Details

Review of Accounting and Finance, vol. 1 no. 1
Type: Research Article
ISSN: 1475-7702

To view the access options for this content please click here
Article
Publication date: 11 May 2010

Thomas M. Krueger, Mark A. Wrolstad and Shane Van Dalsem

The purpose of this paper is to examine the contemporaneous relationship between changes in corporate reputations and stock prices.

Downloads
1721

Abstract

Purpose

The purpose of this paper is to examine the contemporaneous relationship between changes in corporate reputations and stock prices.

Design/methodology/approach

The Harris Interactive Reputation QuotientTM is used as a measure of corporate reputation. Stock return and risk measures are evaluated for each Reputation QuotientTM survey period for the years 1999‐2007.

Findings

The results provide evidence that, in the aggregate, firm reputations are procyclical. Additionally, firms with improved reputations enjoy lower volatility in their stock prices than firms with diminished reputations.

Research limitations/implications

Due to the Harris Poll Online methodology, it is not clear that the price changes occur concurrently with the change in reputation.

Originality/value

This paper contributes to the finance literature by examining the effect of a change in corporate reputation on stock price.

Details

Managerial Finance, vol. 36 no. 6
Type: Research Article
ISSN: 0307-4358

Keywords

To view the access options for this content please click here
Article
Publication date: 27 April 2010

Pieter Klaas Jagersma

The article aims to elaborate on the importance of “managing reputation equity” in the banking industry.

Downloads
2549

Abstract

Purpose

The article aims to elaborate on the importance of “managing reputation equity” in the banking industry.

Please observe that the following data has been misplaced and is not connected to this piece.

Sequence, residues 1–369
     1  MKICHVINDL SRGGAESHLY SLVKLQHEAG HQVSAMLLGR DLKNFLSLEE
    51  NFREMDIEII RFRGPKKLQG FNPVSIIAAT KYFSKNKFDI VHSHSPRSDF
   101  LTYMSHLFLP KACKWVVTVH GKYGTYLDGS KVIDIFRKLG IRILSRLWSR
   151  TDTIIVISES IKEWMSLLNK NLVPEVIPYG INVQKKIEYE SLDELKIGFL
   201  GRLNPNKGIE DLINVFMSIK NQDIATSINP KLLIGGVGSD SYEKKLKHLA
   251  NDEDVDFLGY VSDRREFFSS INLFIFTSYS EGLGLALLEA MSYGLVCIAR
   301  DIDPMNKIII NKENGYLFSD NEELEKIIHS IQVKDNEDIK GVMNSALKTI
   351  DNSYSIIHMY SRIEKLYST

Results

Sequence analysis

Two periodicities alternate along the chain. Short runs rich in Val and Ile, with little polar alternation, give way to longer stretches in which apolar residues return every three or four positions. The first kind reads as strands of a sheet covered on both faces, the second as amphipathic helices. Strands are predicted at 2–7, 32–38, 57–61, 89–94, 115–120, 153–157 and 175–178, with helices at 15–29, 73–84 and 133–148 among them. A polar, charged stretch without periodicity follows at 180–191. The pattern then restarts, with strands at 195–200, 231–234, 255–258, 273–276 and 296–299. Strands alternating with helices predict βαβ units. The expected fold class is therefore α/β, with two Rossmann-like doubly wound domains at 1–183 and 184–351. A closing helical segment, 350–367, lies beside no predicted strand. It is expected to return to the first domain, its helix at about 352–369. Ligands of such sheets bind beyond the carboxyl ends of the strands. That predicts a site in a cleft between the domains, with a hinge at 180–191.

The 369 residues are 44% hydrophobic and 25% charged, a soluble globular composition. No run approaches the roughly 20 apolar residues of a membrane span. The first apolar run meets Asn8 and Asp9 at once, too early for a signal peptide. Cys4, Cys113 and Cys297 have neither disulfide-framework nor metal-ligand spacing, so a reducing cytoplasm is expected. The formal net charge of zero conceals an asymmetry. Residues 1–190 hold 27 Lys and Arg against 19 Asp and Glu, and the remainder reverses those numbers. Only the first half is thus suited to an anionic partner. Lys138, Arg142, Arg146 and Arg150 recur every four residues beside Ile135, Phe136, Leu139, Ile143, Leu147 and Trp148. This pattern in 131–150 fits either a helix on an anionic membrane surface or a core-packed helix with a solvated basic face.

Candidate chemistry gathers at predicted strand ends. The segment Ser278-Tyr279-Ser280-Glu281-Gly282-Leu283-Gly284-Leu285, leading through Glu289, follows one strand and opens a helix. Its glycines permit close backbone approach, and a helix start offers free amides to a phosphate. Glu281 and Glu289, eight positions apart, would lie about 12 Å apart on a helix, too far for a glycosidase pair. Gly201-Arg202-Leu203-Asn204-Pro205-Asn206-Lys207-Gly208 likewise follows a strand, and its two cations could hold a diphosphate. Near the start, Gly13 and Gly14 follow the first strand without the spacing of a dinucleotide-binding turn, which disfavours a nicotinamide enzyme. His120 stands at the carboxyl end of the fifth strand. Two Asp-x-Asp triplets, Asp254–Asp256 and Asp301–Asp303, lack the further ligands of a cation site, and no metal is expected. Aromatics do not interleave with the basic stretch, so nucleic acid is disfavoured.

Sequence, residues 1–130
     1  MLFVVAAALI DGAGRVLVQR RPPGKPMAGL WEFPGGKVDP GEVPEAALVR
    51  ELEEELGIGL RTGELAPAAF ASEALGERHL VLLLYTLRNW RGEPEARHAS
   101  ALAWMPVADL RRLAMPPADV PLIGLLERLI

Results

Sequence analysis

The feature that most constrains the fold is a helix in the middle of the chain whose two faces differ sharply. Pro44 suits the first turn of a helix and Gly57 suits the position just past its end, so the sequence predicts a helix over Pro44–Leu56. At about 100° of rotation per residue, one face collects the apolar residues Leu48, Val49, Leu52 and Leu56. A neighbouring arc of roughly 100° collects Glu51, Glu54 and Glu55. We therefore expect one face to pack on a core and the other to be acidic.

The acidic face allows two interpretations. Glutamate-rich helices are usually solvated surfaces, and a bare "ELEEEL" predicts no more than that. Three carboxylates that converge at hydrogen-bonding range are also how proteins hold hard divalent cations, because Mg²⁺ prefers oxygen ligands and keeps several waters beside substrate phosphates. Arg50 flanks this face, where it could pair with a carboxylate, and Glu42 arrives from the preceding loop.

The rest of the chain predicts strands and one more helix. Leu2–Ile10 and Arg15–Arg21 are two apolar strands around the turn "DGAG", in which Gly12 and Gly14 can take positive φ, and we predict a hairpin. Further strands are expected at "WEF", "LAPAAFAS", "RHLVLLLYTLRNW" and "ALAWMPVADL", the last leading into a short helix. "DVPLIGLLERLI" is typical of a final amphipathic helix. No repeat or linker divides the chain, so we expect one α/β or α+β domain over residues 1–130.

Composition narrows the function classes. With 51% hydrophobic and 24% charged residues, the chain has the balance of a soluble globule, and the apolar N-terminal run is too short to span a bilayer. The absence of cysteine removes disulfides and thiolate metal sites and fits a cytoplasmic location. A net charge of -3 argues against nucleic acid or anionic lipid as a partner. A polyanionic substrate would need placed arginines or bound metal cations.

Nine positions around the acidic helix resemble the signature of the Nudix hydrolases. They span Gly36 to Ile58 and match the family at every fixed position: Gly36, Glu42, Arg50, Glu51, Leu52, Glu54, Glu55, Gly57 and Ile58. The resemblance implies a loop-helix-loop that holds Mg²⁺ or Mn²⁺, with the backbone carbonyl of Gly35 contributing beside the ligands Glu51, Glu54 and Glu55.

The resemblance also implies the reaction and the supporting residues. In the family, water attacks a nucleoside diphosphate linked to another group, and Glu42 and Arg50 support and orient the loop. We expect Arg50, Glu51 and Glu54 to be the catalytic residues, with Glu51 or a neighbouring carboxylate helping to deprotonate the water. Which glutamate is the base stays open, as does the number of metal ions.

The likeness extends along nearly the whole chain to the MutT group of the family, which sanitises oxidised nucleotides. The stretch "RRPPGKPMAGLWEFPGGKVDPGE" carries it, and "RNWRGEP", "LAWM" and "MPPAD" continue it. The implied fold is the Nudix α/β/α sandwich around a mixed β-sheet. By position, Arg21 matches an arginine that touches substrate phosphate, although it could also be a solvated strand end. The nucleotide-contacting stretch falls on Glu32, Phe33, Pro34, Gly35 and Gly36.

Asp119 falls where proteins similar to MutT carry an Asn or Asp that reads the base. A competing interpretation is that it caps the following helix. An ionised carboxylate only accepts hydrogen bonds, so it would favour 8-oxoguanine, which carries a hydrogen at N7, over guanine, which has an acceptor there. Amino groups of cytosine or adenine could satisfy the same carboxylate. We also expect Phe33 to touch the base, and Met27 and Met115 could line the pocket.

Design/methodology/approach

This article has been derived in part from the reputation improvement plans of investment banks and in part from the author's own experience as a non‐executive director.

Findings

The most critical and strategic asset a bank possesses is its reputation. A “reputation improvement plan” is a critical document for the board of directors. In practice, reputation improvement plans vary enormously in terms of structure, format and content. This article summarizes what content should ideally be included. Furthermore, it is important to remember that reputation improvement planning is just one component of the process – the other components are implementing the plan, monitoring progress and auditing the reputation's situation. And, although the focus is often on the document, it is the process of drafting, discussing, agreeing and using it that is important. The document facilitates discussion and decision making and can then be used as a guide to action.

Practical implications

The process of producing a “reputation improvement plan” forces management to think through the issues related to a particular reputation and how to address them. The document itself summarizes the reputation's competitive position and guides the implementation of strategic initiatives. In banks (such as Goldman Sachs) that the board of directors with significant input from stakeholders (for instance, important customers), revised in a series of iterations with management before being agreed, and linked to other functional plans (e.g. operations, sales plans etc.) ensuring that all the bank's activities are focused on achieving common goals. A successful reputation improvement plan and program will only occur when at least the following combined forces are effective: a vision of something better (a clear target embedded in a plan) and a few practical first steps to achieve (to launch the process). Reputation is not a gift, but really hard work.

Originality/value

Reputational capital is a vital strategic resource. Reputations reflect a bank's relative success in fulfilling the expectations of multiple stakeholders. They are crucial because they “work” for banks. Therefore, establishing a great reputation is a key element of organizational strategy. Banks will become increasingly focused on managing their reputations over the next decade. The article is about unlocking the value of reputation through reputation improvement planning.

Details

Business Strategy Series, vol. 11 no. 3
Type: Research Article
ISSN: 1751-5637

Keywords

1 – 10 of over 53000